Will Drug Lord Do Less Time Than the Average American Nonviolent Drug Offender?
The U.S. government recently praised the arrest of Colombia's top drug lord Diego Montoya when he was captured earlier this month. Law enforcement and military officials say it was a powerful blow to Colombia's most powerful drug cartel, comparing it to the capture of Al Capone during Prohibition.
Montoya, who had been on the FBI's top ten most wanted list, is said to be responsible for providing as much as 70 percent of all the cocaine in the United States. In 1999, a $5 million bounty for his capture and extradition was offered after he was indicted in a federal court in Miami.
There is much talk about how this capture will affect the drug trade and the flow of drugs into the United States. But the question on my mind is how much time will he serve when he is brought to the United States to stand trial for the death and destruction he has caused? I would be willing to bet that he will get less time than many Americans who are now serving extraordinarily long sentences, many for low-level, nonviolent drug law violations under the notorious mandatory minimum sentencing laws. Some would ask how would I come to this conclusion.
If you look at the recently completed federal sentence of former Panamanian dictator Manuel Noriega, who served a 17-year federal sentence for drug trafficking, it might give you a hint what is in store for Montoya. In Noriega's case the U.S. attorney negotiated deals with 26 high-level drug dealers, including drug lord Carlos Lehder. They in turn received a package of perks that included leniency and cash payments, and were allowed to keep their drug earnings in return for testimony against the infamous general who was once a strong United States ally before he fell from grace in 1989, when the U.S. invaded Panama.
There are many Americans in prison that are serving sentences of more than 17 years in prison for simple drug crimes. These are marginalized offenders that don't have the bargaining chips to establish deals. For example, Elaine Bartlett, a mother of four, served a 20-to-life sentence under the Rockefeller Drug Laws for seven ounces of cocaine. Her husband, Nathan Brooks, was sentenced to 25 years to life. The list goes on and on. There are an estimated 500,000 Americans locked up because of the drug war. Many of them are serving lengthy sentences because of a 30-year government campaign to demonize illicit drug use and implement mandatory minimum sentencing.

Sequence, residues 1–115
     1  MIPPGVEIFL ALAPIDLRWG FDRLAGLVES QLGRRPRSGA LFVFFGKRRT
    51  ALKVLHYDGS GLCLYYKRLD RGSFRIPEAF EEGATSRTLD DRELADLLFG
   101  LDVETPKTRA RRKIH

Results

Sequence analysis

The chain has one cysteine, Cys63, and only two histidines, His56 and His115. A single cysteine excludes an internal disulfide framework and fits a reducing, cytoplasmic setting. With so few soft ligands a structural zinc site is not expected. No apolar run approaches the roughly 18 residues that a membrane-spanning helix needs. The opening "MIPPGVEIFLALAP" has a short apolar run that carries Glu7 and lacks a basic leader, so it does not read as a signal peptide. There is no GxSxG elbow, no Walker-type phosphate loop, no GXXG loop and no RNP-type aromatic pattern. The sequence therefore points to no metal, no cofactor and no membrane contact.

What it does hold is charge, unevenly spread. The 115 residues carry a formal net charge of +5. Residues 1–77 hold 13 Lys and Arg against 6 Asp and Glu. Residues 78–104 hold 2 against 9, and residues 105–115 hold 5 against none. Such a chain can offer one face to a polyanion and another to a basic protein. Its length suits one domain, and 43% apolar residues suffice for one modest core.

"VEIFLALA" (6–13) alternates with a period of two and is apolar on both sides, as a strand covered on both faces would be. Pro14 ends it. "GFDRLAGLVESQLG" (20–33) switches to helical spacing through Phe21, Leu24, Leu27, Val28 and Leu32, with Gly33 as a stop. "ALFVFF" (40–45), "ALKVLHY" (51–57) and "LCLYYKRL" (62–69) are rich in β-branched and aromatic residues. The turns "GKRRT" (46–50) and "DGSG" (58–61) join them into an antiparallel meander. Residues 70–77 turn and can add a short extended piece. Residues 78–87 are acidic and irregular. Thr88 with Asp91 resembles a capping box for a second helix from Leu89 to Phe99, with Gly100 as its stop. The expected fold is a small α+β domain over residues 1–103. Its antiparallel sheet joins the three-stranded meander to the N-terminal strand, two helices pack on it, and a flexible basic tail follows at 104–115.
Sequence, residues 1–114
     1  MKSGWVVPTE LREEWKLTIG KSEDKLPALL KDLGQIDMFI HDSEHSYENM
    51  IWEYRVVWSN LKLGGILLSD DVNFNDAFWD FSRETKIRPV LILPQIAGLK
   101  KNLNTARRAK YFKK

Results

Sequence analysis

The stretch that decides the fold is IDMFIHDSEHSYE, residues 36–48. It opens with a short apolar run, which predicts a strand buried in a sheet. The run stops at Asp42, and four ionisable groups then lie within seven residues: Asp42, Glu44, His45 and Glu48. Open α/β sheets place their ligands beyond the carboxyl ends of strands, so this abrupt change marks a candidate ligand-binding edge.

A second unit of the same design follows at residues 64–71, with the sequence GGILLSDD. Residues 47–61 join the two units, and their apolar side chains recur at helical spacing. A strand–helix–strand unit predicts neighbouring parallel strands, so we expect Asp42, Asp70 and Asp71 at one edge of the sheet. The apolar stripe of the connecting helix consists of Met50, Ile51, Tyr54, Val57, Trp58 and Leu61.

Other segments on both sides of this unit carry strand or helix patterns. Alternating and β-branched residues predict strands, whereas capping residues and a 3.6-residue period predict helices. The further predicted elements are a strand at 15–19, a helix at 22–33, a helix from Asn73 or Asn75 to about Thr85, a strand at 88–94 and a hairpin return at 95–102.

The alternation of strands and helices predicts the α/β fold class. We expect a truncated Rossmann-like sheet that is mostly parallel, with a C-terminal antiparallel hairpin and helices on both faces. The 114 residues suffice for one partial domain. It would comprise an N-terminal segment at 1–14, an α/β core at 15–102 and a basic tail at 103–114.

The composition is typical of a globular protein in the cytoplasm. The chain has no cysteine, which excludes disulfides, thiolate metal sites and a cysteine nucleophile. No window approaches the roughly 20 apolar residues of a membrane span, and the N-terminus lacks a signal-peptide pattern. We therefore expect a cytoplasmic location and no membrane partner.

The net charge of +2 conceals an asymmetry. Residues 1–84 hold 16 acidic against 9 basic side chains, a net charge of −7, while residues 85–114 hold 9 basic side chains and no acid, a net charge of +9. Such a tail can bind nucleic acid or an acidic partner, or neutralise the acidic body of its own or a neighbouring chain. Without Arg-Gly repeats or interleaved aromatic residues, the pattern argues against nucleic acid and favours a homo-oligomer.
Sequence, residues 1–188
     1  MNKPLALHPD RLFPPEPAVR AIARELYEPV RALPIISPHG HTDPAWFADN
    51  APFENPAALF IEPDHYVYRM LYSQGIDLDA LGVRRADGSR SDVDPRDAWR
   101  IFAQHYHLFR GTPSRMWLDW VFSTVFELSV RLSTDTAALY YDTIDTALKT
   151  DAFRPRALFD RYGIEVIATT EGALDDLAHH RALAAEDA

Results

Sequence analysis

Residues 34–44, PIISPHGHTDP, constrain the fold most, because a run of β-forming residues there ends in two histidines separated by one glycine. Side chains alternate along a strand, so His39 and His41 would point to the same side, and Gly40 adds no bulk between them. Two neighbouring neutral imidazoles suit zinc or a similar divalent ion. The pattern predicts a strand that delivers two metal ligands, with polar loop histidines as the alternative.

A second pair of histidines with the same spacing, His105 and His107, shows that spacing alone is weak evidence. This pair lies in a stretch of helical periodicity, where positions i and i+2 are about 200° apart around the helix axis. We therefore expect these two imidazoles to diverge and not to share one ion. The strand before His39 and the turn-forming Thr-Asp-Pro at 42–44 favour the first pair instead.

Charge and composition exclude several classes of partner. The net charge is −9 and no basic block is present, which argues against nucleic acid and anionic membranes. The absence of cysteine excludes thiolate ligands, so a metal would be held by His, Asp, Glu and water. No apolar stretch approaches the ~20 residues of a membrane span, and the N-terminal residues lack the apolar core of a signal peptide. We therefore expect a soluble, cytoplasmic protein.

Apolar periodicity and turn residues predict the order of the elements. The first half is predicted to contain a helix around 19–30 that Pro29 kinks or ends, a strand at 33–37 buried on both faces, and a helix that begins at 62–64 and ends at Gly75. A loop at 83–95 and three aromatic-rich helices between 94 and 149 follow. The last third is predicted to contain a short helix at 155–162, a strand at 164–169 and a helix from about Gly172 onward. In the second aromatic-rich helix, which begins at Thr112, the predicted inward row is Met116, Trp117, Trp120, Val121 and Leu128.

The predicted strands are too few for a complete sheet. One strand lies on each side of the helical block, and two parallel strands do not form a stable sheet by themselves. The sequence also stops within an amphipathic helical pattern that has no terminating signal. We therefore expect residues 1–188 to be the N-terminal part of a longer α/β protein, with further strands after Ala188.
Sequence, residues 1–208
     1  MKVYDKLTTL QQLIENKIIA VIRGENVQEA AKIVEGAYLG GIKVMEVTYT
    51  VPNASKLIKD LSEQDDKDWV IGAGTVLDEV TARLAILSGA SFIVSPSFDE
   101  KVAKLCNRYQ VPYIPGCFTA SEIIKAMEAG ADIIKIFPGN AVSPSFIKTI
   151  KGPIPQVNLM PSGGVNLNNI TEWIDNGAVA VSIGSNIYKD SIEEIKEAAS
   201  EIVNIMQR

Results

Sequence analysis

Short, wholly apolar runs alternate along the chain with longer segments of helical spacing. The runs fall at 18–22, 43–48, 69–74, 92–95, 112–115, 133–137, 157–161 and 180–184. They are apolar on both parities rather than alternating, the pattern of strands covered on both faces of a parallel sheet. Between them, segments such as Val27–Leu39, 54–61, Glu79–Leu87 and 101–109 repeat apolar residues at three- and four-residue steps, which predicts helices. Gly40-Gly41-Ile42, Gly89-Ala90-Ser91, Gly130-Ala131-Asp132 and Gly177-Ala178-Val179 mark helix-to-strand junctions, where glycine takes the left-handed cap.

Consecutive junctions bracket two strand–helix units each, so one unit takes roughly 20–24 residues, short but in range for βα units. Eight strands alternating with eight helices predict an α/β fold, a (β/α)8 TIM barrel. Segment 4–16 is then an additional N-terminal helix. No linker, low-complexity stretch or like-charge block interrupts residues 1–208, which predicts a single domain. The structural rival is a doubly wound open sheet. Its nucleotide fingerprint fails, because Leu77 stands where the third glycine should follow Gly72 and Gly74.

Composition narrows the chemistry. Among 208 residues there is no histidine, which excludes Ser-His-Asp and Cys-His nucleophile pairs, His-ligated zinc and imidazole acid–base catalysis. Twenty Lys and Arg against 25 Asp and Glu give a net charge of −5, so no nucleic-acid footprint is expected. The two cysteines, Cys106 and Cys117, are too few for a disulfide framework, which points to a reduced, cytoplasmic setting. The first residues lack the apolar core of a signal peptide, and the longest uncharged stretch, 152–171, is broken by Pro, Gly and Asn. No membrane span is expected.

In 1986, mandatory minimum sentencing laws were enacted by Congress, which compelled judges to deliver fixed sentences to individuals convicted of certain crimes, regardless of mitigating factors or culpability. Federal mandatory drug sentences are determined based on three factors: the type of drug, weight of the drug mixture (or alleged weight in conspiracy cases), and the number of prior convictions. Judges are unable to consider other important factors, such as the offender's role, motivation and the likelihood of recidivism.
The push to incarcerate drug offenders has been further exacerbated through the current federal sentencing law that punishes crack cocaine offenders much more severely than offenders possessing other types of drugs, for example, powder cocaine. Distributing just five grams of crack carries a minimum five-year federal prison sentence while distributing 500 grams of powder cocaine carries the same sentence. This 100:1 sentencing disparity has been almost universally criticized for its racially discriminatory impact by a wide variety of criminal justice and civil rights groups, and in Congress. Although whites and Hispanics form the majority of crack users, the vast majority of those convicted for crack cocaine offenses are African Americans.
Because of the war on drugs, which mandates mandatory minimum sentencing, average drug offenders are routinely elevated to kingpin status and condemned to serve out long prison sentences that should be reserved only for actual drug kingpins, not individuals that are fabricated to that level. It's time to end these draconian laws and implement a sentencing structure that promotes fairness and justice.